How To Hang a Hammock Without Any Trees

Are you planning to camp in the desert or some other treeless wilderness? Or do you just want to hang out in a comfy hammock in your treeless backyard? You might be in luck—you can still enjoy a hammock for lounging or camping without trees. 

Obviously, any hammock is going to need to hang from something. No, we do not recommend recruiting your Uncle Jim to be one of the posts. No matter how willing he is to offer help. You need something better. A sturdy and reliable replacement to a tree. Here are a few suggestions:

1.  Build Your Own Wooden Posts in Concrete 

You might have an existing structure in your backyard, on the patio, or on your balcony—but more than likely you’ll need to build your own posts. Upright posts of any kind work, but you’ll need a way to attach your hammock. Large, steel eye-hooks are easy to find at the hardware store and are an excellent choice (or you can wrap the posts as you would a tree).

An excellent method for building posts in your backyard involves 4x4's (or 5x5's) cut to the desired height. For your desired hammock height, remember that the posts will need to be sunk about 8"-12” inches into the ground.

Begin by choosing your post spacing, keeping within the maximum of 18 feet apart. Then dig two holes about a foot in diameter and 10-14 inches deep. Add some gravel for drainage, about 2” in the bottom of the hole, then mix concrete (you don’t need a mixer, a good wheelbarrow or 5-gallon bucket will do), place your posts, and pour.

You’ll need to wait for the concrete mix to cure. Concrete has a half-life, which means that theoretically it never totally hardens but it is usually safe to set up the hammock and try it out within 48-hours.

 

2.  Hammock Stand or Frame

Hammock stands are purpose made accessories, perfect for a semi-permanent hammock hanging spot. These stands or frames are often made of strong, but heavy steel. Tentsile's hammock stand on the hand, is made of lighter weight and corrosion-resistant aircraft alumin(i)um. This makes the stand easier to move around and longer lasting thanks to the lack of rust build-up from rain and moisture.

In general, hammock stands have two supporting frames that run parallel to the ground, and they can be set up anywhere that is relatively flat. Once again, Tentsile does things a bit differently, with our 3-point hammock stand, exactly what you'll need for maximum support for your Tentsile hammock or tree tent.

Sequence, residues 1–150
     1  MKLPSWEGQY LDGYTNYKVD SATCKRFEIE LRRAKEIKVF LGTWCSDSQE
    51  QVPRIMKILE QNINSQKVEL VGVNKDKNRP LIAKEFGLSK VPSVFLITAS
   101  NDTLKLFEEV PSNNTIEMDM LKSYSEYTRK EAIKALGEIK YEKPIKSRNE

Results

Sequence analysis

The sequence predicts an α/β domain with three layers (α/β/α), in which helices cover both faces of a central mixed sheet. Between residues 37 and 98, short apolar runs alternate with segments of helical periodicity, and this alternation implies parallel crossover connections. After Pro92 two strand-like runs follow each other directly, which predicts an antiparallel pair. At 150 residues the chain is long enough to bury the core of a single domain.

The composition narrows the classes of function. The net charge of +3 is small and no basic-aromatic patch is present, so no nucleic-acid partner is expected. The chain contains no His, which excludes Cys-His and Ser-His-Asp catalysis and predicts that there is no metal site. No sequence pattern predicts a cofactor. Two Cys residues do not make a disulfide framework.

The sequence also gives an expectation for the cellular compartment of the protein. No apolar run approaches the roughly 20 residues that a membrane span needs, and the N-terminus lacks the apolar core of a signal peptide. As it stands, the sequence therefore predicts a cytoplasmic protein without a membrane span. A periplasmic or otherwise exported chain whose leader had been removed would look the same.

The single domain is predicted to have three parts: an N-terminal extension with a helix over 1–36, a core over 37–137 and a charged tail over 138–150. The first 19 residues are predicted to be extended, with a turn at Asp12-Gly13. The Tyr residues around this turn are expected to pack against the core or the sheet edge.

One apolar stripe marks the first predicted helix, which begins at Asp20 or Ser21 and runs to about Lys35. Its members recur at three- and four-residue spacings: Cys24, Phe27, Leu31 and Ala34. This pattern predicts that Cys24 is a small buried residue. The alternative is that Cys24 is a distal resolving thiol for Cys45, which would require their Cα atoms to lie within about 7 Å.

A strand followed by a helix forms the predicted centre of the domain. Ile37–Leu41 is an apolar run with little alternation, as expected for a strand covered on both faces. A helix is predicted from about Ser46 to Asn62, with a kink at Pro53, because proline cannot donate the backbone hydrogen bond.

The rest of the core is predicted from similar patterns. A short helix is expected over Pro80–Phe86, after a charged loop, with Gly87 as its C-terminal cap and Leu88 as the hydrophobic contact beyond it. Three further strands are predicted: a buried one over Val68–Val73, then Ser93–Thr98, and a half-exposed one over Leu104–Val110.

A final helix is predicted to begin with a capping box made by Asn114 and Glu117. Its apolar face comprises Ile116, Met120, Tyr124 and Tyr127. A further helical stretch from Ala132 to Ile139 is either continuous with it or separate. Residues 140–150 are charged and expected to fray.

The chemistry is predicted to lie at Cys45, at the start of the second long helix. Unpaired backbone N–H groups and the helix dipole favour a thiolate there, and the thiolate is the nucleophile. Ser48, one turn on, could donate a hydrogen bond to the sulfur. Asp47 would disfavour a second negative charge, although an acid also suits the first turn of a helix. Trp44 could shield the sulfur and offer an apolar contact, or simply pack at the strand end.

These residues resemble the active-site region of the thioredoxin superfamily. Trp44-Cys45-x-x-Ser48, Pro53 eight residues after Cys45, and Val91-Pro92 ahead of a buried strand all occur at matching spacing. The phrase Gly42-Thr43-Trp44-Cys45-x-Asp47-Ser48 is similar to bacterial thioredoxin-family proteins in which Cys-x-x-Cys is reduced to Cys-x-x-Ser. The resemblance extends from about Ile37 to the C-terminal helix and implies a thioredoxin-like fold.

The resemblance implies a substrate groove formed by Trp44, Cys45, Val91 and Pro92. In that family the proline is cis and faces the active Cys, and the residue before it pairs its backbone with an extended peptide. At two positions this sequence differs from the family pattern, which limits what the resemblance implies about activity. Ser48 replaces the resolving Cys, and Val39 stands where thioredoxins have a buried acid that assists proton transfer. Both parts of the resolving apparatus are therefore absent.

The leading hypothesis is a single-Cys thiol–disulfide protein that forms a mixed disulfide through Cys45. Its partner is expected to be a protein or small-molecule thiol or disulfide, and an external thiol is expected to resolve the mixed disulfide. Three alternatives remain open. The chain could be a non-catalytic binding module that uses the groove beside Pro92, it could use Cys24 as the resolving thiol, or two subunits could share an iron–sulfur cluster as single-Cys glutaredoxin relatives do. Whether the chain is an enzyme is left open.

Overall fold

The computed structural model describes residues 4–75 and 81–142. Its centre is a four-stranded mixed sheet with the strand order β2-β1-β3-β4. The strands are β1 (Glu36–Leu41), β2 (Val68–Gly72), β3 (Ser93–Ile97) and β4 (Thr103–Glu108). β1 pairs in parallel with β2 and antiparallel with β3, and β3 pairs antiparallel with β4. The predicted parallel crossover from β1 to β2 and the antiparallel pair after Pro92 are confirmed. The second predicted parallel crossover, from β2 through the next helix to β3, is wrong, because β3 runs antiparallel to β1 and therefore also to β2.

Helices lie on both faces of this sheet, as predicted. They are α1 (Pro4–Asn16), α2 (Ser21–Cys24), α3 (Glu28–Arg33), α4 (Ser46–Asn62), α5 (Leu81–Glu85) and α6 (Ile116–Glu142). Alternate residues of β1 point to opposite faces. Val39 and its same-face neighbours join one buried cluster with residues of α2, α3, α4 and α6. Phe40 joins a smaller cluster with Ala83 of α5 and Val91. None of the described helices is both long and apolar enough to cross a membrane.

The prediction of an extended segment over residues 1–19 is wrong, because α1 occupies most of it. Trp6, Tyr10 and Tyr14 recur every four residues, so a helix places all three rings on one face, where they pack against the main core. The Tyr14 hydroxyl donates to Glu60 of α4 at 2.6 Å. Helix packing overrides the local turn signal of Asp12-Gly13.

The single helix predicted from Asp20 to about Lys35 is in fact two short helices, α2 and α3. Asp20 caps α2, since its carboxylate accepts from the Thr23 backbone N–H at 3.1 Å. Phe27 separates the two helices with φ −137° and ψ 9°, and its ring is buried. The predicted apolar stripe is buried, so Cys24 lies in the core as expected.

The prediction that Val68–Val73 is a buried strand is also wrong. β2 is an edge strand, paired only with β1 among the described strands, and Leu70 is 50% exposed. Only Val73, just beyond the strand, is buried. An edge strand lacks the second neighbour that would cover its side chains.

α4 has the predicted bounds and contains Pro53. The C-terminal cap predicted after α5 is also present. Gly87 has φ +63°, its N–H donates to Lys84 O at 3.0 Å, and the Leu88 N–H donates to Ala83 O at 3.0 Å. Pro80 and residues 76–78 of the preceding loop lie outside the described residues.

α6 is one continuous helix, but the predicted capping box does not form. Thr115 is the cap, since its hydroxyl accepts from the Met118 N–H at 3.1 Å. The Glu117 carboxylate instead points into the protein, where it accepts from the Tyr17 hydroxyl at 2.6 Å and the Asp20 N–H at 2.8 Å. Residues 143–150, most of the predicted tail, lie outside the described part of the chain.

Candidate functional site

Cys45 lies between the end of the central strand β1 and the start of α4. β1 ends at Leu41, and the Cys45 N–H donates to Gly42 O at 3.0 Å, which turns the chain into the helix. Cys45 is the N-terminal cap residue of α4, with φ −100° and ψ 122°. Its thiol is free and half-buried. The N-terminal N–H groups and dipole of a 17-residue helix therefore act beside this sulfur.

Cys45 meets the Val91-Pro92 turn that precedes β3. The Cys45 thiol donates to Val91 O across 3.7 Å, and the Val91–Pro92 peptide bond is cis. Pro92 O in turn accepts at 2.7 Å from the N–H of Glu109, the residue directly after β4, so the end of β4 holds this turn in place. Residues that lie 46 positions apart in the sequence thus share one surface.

3.  Vehicles

If camping, your car, including its roof rack can provide a good anchor point. The roof rack may only work well if it is a reputable brand. Cheap, after-market racks may not keep your hammock (or your body) secure, so be sure to check weight limits and test it out before hooking up for the night. A car or truck with a tow hitch is the ideal option for this setup.

 

4.  Improvise

Hanging a hammock without trees

Your yard or patio may already have the means to set up a hammock. Sturdy posts, the side of the house, and other structures can work well. Often, the problem isn’t how strong the structure is, but how to attach your hammock to it. When looking for likely places to hang the hammock, corners are generally stronger anchor points than other options.

Another creative option is to hang the hammock from your deck. Or, if you have a deck that's raised off the ground a good amount (at least 4 feet), you can even hang a hammock under your deck—using the support beams as your anchor points.

Wherever you decide to hang your hammock, always test out the spot you’ve chosen and make sure that if the hammock fails you don’t fall on something that could injure you. We recommend the most secure form of hammock, which happens to be the Tentsile way of doing things, with a  3-point anchor system. However you end up improvising, just remember to use plenty of common sense before climbing in. The goal is to create a relaxing spot to lounge, not a dangerous or unstable situation. Be creative but hammock responsibly!
September 25, 2020 — Ryan W

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